CLIMB: A New Approach to Digital Marketing
Getting to the Top With CLIMB: Leverage

Read Time: 4 mins, 15 seconds

By Craig Brown, Head of Delivery at Incubeta US

We have developed 5 core business principles that will help advertisers CLIMB the auction rankings and start to acquire more, and higher value, customers, with the ultimate goal of increasing business profitability.


This blog is the second of a series, where we’ll deep dive into each element, moving onto Leverage. To find out more about why CLIMB was created and learn about the other pieces, check out our blog series.

Data is the most talked-about subject in marketing at the moment, but it’s one of the most underutilized as well. If anything, there’s probably too much data available nowadays, which makes it very difficult to understand where to start and how to keep moving forward. In 2016, ProPublica found 52,000 unique attributes for users on Facebook alone, which has likely grown. This doesn’t take into account what data Google and Amazon have, just to name the big 3.  

This is changing with both GDPR being introduced in Europe and CCPA being introduced in California, as well as further rollouts expected across the US. This causes even more discussion about how data is evolving and how to best leverage data. Due to this, the best place to start is with first-party, as it’s the data that you have the most control over. 

First of all, not all customers are equal. This is the most important thing to remember when looking at your first-party data. A significant project that you should undertake is establishing an understanding of who your most valuable customers are. Then, there are two aspects to consider: (1) how to reduce churn with those customers, and (2) how to find more people like them. Finding solutions to both of these will help increase business revenue as well as profitability since they’re likely your most profitable customers.

As you go through this process, you really begin to evaluate lifetime value, which greatly changes the impact you can have in a programmatic auction.

Let’s take a look at these changes in practice. Most businesses have a flat cost per acquisition (CPA). In this case, assume it’s $50. If you’re simply paying $50 for every customer, that doesn’t account for how much money you will make off each customer over a period of time. If you’re able to forecast, at the point of acquisition, how much money you can expect to earn from a customer, you can alter what you’re prepared to pay. When you know a customer is worth double the value over two years, you can increase your CPA from $50 to $100, allowing you to double your bid.

That helps you win more auctions, and in the instance of search, that allows you to move up the paid search rankings, potentially to position one. Now, you get more traffic and conversions from your most valuable customers, leading to an increase in long-term business revenue and profit. If you stick with the initial $50 limit while a competitor accounts for lifetime value, they are more likely to acquire the most valuable customers, leaving you with less valuable customers to acquire further down the page.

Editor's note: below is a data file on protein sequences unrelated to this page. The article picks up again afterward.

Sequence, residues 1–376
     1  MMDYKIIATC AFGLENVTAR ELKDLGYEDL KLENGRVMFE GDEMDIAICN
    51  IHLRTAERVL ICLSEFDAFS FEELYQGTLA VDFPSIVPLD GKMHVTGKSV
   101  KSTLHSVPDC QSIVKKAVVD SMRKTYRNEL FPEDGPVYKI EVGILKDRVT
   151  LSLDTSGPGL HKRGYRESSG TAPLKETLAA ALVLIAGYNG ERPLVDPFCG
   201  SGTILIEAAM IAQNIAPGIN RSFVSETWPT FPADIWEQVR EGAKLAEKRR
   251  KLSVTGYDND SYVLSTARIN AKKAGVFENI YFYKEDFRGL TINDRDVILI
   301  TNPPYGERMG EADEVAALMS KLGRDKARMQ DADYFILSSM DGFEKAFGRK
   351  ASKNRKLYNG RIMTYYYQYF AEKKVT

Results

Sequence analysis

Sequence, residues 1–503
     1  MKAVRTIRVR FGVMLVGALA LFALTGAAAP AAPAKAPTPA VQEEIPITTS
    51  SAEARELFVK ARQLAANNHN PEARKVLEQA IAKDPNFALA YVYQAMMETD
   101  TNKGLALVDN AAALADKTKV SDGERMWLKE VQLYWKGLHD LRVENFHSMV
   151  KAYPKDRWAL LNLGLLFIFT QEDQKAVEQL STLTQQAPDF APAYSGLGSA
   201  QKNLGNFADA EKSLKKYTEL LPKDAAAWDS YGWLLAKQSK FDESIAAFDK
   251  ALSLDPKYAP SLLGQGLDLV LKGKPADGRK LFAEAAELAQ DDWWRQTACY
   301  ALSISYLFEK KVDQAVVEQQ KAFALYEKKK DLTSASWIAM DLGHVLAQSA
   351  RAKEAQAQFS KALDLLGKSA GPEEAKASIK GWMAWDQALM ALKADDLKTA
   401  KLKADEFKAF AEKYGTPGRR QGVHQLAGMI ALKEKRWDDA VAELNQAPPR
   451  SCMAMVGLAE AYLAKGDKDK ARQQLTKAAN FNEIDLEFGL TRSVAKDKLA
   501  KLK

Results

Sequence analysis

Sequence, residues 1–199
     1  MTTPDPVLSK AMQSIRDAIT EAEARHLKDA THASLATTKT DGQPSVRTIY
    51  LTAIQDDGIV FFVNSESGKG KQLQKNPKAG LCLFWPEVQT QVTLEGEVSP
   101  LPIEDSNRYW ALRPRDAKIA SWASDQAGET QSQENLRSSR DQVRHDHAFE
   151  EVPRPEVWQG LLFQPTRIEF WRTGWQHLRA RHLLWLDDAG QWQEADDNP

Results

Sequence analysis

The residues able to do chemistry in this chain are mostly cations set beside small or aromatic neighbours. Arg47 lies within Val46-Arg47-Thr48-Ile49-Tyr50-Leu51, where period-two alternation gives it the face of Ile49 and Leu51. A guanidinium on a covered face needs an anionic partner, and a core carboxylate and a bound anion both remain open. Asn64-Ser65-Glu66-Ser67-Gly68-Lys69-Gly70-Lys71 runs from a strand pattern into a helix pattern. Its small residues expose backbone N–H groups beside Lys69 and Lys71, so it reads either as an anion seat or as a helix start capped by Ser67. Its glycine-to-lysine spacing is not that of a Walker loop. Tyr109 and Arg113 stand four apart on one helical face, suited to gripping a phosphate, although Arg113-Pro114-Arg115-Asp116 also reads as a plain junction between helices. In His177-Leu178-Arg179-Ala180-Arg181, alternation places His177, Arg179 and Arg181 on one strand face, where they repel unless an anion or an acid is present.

We’ve worked on this firsthand with Bonds, an Australian swimwear brand. We built a framework for establishing their most valuable customers based on their purchase patterns, whether they purchase full price or sale items, and the time elapsed since purchases. Creating these segmentations together, and applying them to our marketing efforts, allowed us to increase campaign ROAS up to four times the account average. More importantly, it helped us focus on lapsed customers, reengaging and acquiring them at a 50% lower CPA. As these customers are some of the most valuable to Bonds’ business, it really does influence their long-term profitability.

This is just focusing on your customer data. There are huge amounts of other internal data that you can use to become more advanced in your approach. When it comes to product and price data, there’s plenty you can do.

While partnering with a large, multinational retailer, we examined product inventory to determine when products were likely to sell out within 24 hours. If that was the case, we stopped advertising them. Through this, the campaign conversion rate and ROI increased by 27% and 73%, respectively. This was especially impactful as it allowed the retailer to stop wasting media dollars and focus on the right areas for advertising.

We’ve also seen success with a UK-based retailer in the health and beauty industry, which is very price competitive, especially on the reseller side. Using Google Shopping data, we identified how the retailer performed on a product-by-product basis, against all of their competitors. This then allowed us to focus on the areas where they were highly competitive or best in market price, and stop advertising in areas where they weren’t as competitive. These changes drove a 48% increase in traffic and a 63% increase in conversion rate, which resulted in ROI increasing by 139%.

These are just a few areas that touch on what you can do with your first-party data and the impact it can have on business performance, but we’ve only just scraped the surface. 

We’re taking a closer look at each aspect of CLIMB during this week’s blog series, so be sure to check in tomorrow to learn about Integrate.